Most simulators consider a 5 V DC source to be an ideal voltage source, which means that it has been outputting 5 V since the beginning of time.

Your expected results are for a source that is at 0 V for all time prior to t = 0 s and 5 V for all time thereafter. If you want the simulator to simulate that, then you have to use a source that does that. Depending on the sources that Proteus supports, you have a few options, including a piecewise-linear source or a pulsed source. Your simulator might also support a "startup" option that starts all independent sources at zero output, but this is usually reserved for circuits that have problems converging on an initial operating point solution.
 
Last edited:

Thread Starter

Gnahore

Joined Nov 11, 2022
5
Consider this:

What is the voltage output of a 5 V battery ten seconds before you start your stop watch?

Most simulators consider a 5 Vc DC source to be an ideal voltage source, which means that it has been outputting 5 V since the beginning of time.

Your expected results are for a source that is at 0 V for all time prior to t = 0 s and 5 V for all time thereafter. If you want the simulator to simulate that, then you have to use a source that does that. Depending on the sources that Proteus supports, you have a few options, including a piecewise-linear source or a pulsed source. Your simulator might also support a "startup" option that starts all independent sources at zero output, but this is usually reserved for circuits that have problems converging on an initial operating point solution.
Thank you I did what you suggested and I use a pulsed source. Here is the result :circuit_RC_2.pngpulse.png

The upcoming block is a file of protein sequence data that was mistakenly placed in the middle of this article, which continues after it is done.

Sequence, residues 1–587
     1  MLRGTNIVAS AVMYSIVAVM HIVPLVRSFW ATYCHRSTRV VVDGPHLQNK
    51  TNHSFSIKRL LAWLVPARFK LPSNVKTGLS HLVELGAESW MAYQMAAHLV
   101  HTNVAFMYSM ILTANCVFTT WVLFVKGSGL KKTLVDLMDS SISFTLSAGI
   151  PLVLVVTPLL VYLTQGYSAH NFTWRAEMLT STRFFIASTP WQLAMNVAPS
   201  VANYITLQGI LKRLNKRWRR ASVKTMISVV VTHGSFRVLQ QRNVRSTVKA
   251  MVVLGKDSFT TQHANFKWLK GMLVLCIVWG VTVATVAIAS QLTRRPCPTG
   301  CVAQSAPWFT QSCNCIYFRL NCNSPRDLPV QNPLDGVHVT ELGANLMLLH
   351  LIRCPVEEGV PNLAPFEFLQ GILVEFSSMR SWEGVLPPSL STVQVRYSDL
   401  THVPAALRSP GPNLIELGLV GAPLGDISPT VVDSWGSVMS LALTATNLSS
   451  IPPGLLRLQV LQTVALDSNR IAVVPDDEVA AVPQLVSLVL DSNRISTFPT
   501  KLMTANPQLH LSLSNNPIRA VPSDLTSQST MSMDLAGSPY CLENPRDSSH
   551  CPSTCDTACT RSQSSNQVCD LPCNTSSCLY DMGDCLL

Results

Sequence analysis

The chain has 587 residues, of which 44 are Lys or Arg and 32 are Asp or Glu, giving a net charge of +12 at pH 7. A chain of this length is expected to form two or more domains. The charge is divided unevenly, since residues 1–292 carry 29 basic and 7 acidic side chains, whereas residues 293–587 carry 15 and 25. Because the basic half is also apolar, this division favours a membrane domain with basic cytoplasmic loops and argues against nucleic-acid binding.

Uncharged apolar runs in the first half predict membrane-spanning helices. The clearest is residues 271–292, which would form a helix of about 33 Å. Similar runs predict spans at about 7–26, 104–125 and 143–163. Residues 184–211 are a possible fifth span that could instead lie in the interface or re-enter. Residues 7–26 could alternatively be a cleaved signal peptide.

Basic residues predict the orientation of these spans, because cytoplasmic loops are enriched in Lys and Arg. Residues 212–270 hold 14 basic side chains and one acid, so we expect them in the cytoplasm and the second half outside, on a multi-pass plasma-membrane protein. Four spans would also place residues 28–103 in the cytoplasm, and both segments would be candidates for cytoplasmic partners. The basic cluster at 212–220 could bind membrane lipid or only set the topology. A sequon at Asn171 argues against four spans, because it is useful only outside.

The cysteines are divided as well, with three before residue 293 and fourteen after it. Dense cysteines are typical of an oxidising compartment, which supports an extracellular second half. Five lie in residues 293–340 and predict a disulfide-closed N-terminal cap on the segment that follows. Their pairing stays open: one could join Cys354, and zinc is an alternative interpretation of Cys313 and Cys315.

I think this is what @Papabravo was trying to tell me but I didn't understand (I don't fully understand english, I just started electronics and I'm using this device for the first time). Does that mean in pratice every time I have a capacitor, I must use a pulsed source (or something that simulate a transitional regime) or a sine source?

I'm not sure but I think both of you have asked me question about DC source, so here is a capture of the edit component :
vsource.png
I don't think I could do anything else with it
 

Papabravo

Joined Feb 24, 2006
19,558
Thank you I did what you suggested and I use a pulsed source. Here is the result :View attachment 280484View attachment 280485
I think this is what @Papabravo was trying to tell me but I didn't understand (I don't fully understand english, I just started electronics and I'm using this device for the first time). Does that mean in pratice every time I have a capacitor, I must use a pulsed source (or something that simulate a transitional regime) or a sine source?

I'm not sure but I think both of you have asked me question about DC source, so here is a capture of the edit component :
View attachment 280486
I don't think I could do anything else with it
All it has to do is change in some way and the capacitor will "see" it change.